Later that same day, I sat with a class of third graders and told them about this preschool experience. “You are older, so I bet you can name more than four emotions,” I told them. They began to brainstorm words that fell under the umbrellas of happy, sad, mad and scared.
“Mad” generated the most synonyms: frustrated, annoyed, irritated, angry, enraged, bothered, upset. When we moved to “scared,” the kids had questions:
“What about stressed and anxious? Do those mean the same thing?”
“Terrified is definitely different than worried — but I think they both go under ‘scared,’ right?”
“Where does ‘surprised’ fit? Sometimes surprises are happy and sometimes they are scary. Can we put it in both places?”
“What about ‘confused’? It can feel stressful when you don’t know what to do. But it can also be frustrating.”
They grew thoughtful when we moved to sad. The first boy I called on offered this word: “grief.” “That’s what you feel when you lose something you really love,” he said.
What if you lose something less important, I asked, like a soccer game? “That’s more like ‘disappointed,’” another student responded.
“Happy” posed a bit of a challenge. They agreed it was a good feeling, but what were the gradations of this emotion?
“Satisfied,” said one student.
“Peaceful,” said another.
“What about excited?” asked a third. “I’m excited my birthday is next week. That’s a happy feeling.”
Now things were getting interesting. Exciting is a high-energy — or high-arousal — emotion. Peaceful is a calmer biological state. We interpret both as types of happiness, but they could not look more different in our nervous system.
We develop courage and confidence when we can say, “I own my emotions; my emotions don’t own me.”
A few days later, I met with a group of high school seniors to talk about the science of emotion, and I brought up this question of excitement vs. peacefulness. Our bodies experience excitement and anxiety in nearly identical ways: Both are states of arousal, I explained. Our hearts race and a surge of cortisol gets us ready to act. Similarly, feeling calm and feeling blue are similar, low-arousal states.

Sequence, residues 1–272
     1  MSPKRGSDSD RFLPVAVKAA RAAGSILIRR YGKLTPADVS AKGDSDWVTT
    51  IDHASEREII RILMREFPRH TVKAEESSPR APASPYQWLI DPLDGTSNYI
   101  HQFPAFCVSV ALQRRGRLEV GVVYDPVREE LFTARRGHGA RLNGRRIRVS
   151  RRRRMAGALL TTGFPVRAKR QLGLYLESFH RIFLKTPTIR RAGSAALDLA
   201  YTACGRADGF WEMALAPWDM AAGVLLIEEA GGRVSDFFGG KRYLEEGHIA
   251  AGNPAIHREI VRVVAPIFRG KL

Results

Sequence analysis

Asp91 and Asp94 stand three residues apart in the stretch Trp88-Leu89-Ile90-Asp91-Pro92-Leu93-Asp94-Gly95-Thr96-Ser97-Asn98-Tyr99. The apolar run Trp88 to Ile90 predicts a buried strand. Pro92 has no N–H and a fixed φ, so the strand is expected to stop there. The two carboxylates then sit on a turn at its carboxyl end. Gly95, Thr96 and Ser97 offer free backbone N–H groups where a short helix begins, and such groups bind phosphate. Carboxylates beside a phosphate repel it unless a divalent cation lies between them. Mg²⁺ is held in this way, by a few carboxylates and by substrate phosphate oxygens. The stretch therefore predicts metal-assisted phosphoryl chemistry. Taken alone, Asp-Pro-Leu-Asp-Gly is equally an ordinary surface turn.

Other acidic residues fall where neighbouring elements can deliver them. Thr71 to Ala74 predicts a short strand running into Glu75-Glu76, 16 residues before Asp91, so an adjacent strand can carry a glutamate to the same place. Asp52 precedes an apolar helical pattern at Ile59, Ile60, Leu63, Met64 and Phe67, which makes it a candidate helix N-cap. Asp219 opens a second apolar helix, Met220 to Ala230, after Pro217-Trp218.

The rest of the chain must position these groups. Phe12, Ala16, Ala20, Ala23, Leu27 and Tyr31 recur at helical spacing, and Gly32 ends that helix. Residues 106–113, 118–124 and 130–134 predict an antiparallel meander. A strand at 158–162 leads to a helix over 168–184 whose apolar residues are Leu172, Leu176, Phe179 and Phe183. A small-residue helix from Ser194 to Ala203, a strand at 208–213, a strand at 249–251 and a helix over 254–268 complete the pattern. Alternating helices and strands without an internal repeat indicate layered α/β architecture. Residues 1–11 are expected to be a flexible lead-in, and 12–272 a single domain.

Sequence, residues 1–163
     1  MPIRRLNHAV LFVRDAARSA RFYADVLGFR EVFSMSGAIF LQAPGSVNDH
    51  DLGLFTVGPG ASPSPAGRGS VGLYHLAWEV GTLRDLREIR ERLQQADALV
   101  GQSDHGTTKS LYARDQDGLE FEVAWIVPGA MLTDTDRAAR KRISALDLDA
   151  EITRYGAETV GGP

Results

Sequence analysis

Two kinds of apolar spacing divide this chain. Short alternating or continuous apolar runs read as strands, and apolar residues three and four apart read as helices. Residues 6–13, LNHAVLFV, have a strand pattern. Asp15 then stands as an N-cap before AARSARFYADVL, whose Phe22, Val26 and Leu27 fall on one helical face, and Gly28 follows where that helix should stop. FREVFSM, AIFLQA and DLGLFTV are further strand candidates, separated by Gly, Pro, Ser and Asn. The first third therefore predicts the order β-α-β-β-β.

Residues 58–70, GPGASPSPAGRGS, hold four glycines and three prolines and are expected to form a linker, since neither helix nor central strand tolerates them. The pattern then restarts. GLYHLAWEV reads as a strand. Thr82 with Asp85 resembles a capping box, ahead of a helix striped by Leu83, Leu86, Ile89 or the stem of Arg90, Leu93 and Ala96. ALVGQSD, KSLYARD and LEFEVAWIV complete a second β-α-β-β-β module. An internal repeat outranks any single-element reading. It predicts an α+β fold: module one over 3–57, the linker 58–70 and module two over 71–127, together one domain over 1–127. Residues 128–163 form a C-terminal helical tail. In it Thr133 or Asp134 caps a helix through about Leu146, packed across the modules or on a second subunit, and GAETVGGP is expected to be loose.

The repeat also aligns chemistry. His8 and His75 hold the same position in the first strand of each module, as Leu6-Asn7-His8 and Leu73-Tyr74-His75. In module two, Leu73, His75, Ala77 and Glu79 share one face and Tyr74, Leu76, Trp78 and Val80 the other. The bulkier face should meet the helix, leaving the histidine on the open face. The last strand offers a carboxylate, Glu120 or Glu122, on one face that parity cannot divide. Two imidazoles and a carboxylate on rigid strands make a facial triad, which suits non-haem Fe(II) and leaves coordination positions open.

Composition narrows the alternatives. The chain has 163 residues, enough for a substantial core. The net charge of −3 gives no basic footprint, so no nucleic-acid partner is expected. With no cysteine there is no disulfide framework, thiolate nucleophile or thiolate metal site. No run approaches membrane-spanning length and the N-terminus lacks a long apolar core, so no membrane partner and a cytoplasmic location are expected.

So what’s the difference between these emotions? If naming emotions is powerful and instructive, how do we decide which name we apply to internal states?
A student raised her hand, “I guess it depends on the context. What’s happening around us that prompts that rush of emotion?”
She was right. Our brain, in an effort to keep us safe, constantly assesses our surroundings and makes predictions based on past experiences. So the difference between excited and scared is a matter of interpretation.
Think about it like this: Two kids are getting ready to go on stage. Both have a fluttering stomach. The one who had success last time they were on stage — who experienced applause — interprets that feeling as excitement.
But what about the child who has never stood in front of an audience? Or the one who froze up the last time they were on stage? They will likely interpret their emotional symptoms as anxiety.
This matters because our instinctive reaction to anxiety is avoidance. Excitement, in contrast, pushes us in the other direction — we want to run toward an opportunity.
“Your body is constantly giving you information,” I explained to them. “Pay attention to what you feel, but remember that while you may not be able to control your emotional reaction to a situation, you can choose your response.”
To help with this, I offered them another tool I learned from Susan David. Instead of saying, “I am mad” or “I am stressed,” try saying, “I notice that I’m feeling sad right now.” That simple language shift prompts reflection: “I notice that I’m feeling agitated. I wonder why?”
A few days later, I ran into one of these same high school seniors. “I am super stressed about college decisions!” she began. But then she stopped herself: “Scratch that. I notice that I feel stressed whenever I think about what college to commit to.”
“Cool. Tell me more about what you are noticing,” I said.
That began a different kind of conversation — not so much about anxious feelings, but about her values, her vision for the future and competing priorities. “You know,” she concluded, “when I think about this one college, I don’t have that same stressful feeling. It’s not quite as ‘prestigious’ as some of the others, but it has a solid program for the field I want, and the students I met were really kind. I’m going to sit with this some more.”
In that space she’s creating between the emotion she named and the decision she will make, I have full confidence in her capacity to choose thoughtfully. And that’s what we want for our kids, for ourselves, for our world — to use emotions as companions on our journey toward our better selves.
Deborah Farmer Kris is a parenting columnist for PBS KIDS FOR PARENTS, an education journalist and founder of Parenthood365.